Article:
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The Daily Cloud: IBM and the Air Force talk cloud computing

SearchCloudComputing.com Staff
All the cloud news that's fit to spin!

IBM signs "cloud computing" deal with USAF, indulges in Oracle-isms
IBM may have taken a page from Oracle's "sour grapes" playbook when it announced a cloud computing project with the United States Air Force (USAF).

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We are thinking that IBM has studied the actions of Larry Ellison, database vendor, who indulged in several famous tirades after getting blindsided by the advent of cheap consumable computing. IBM's announcement is heavy on happy and light on the details, but it seems to be more of a high-octane business management and analytics solution than a cloud computing platform per se.

The IBM project doesn't seem to include self-service servers, on-demand scale, a sturdy virtual programming platform or software services that could replace appliances. So no IaaS, PaaS or SaaS -- instead, "customized executive-level dashboards will be used to deliver up-to-the-second information on the health and status of the network and facilitate decision-making," according to IBM. The company also promises that stream computing will "enable the Air Force to perpetually analyze the massive streams of data flowing through its network."

This all sounds fascinating, but it is a far cry from actual government clouds, like the DoD's DISA cloud or NASA's Nebula project, that actually fit the definition. Maybe there's more that we're not aware of, but cloud computing? Let's not ask Larry his opinion…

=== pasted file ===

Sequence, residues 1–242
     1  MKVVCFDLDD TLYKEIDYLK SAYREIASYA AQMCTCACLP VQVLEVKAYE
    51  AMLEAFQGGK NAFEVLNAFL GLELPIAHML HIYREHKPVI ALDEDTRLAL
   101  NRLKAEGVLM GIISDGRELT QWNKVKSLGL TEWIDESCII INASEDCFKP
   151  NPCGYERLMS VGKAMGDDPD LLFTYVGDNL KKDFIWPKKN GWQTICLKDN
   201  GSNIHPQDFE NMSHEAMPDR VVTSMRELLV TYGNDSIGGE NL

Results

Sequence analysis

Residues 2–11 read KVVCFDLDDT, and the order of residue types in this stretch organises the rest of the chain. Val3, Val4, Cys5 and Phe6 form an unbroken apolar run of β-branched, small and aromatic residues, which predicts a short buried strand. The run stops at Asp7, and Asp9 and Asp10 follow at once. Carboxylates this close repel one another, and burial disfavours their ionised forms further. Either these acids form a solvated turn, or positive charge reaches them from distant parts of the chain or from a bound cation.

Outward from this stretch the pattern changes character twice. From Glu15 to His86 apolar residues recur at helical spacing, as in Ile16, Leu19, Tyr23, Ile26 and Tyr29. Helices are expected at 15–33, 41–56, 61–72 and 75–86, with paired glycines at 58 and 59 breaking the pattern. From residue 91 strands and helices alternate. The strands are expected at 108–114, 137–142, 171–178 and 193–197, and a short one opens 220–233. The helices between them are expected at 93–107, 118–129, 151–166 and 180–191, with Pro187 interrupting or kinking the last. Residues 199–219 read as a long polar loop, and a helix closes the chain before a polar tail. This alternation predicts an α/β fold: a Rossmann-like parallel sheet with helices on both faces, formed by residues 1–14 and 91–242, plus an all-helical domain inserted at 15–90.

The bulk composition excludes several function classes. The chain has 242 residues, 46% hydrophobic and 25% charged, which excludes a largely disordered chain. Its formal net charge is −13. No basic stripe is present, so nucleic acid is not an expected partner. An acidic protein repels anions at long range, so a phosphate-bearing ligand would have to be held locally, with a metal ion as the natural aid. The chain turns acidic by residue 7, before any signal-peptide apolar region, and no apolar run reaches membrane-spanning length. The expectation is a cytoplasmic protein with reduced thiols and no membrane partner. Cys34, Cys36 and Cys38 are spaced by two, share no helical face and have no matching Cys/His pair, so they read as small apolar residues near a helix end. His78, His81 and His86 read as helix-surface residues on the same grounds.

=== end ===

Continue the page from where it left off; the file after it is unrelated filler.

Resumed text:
The Carphone Warehouse to start weird English version of MobileMe
Online storage firm Spare Backup and UK consumer widget store The Carphone Warehouse have apparently decided that Apple might be on to something. The companies have launched My Hub, a backup service for customers that will store their phone data, personal junk and music on the Internet, presumably in perpetuity or until you forget to pay the bill.

That's interesting because, unlike Apple, Carphone Warehouse sells lots and lots of different kinds of phones, and the advent of a vendor-independent service might actually work out this time around. Apple's epic lock-in to services like MobileMe is nice if you're a Macophile, but it's less nice if you might actually want to switch gadgets or platforms now and again.


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